Fog, haze or hazy vision is perfect for the CDF look, as clearly differentiable image planes can be identified. The mountain ranges in the background almost look as if they were composed by the painter, so harmoniously do they support the contrasts around the central motif. It was handed down that Caspar David Friedrich only started with the preliminary drawings and the painting when the final motif was completely in front of his inner eye. The following statement by the artist also goes in this direction:
Close your physical eye so that you see your picture with the spiritual eye first. Then bring to light what you have seen in the dark so that it affects others from the outside in.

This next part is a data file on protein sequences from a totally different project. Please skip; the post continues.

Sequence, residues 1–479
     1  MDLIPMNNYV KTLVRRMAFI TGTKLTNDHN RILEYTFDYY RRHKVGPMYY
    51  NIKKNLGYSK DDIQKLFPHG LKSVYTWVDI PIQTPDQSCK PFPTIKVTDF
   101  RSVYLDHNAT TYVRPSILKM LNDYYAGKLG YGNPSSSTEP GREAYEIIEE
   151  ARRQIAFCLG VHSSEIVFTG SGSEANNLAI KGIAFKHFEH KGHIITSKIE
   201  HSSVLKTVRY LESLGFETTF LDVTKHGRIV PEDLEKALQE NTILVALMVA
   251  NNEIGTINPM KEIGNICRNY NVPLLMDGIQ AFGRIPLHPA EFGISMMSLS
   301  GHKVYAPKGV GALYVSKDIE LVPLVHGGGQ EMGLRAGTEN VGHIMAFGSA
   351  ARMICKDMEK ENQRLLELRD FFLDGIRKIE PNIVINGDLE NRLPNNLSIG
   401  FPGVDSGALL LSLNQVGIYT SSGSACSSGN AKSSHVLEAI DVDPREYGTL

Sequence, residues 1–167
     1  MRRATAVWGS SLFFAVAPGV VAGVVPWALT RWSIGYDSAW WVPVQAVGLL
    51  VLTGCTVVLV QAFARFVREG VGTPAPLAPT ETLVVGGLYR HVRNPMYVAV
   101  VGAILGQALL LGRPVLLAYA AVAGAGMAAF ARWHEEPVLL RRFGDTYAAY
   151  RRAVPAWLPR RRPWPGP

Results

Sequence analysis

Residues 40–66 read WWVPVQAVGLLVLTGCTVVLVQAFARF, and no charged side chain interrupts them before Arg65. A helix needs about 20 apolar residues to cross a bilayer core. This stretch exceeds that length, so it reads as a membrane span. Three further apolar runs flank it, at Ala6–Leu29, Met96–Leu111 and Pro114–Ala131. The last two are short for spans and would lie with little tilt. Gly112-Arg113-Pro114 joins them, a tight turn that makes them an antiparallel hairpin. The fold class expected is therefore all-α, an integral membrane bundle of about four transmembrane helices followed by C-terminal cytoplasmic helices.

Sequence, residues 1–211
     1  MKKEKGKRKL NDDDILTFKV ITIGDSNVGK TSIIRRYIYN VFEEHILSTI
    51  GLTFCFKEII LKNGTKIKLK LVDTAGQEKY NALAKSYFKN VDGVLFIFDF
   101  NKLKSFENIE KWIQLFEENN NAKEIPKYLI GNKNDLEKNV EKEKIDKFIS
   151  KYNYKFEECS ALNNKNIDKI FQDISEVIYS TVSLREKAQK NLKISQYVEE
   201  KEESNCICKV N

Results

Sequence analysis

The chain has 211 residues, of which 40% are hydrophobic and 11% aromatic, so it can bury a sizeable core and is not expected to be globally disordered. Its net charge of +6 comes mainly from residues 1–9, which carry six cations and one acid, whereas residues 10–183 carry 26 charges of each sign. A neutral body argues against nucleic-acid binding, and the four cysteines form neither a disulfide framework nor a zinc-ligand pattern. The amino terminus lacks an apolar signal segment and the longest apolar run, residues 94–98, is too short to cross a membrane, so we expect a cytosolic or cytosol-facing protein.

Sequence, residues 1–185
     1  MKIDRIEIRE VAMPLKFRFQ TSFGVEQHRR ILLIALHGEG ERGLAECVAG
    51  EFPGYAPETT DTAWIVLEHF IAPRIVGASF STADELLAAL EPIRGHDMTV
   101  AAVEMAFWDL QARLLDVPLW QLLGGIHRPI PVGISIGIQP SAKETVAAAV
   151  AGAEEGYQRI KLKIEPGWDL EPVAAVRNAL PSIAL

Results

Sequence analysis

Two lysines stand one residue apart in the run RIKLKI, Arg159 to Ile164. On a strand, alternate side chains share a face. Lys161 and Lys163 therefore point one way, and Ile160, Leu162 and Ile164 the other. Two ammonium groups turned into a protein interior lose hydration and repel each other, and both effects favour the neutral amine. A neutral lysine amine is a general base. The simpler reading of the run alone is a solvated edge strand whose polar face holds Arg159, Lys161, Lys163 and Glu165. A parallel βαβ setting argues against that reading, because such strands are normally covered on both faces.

It was important to him that his pictures triggered emotions in the viewer. During the period of opposition to the Napoleonic occupation, rejection of everything French was to be created and reinforced, in other times he was also concerned with the majestic effects of nature, the dramaturgy of which he was certainly allowed to stage himself. For the photographic approach, situations or moods can therefore be exaggerated.
On the other hand, it should also be remembered that Caspar David Friedrich's imagery was both abused by nationalists and adapted by Hollywood directors for tragedy, war and science fiction films. In fact, many motifs now appear unreal due to this conditioning, although they have not been manipulated in any way and have not been seen with one's own eyes.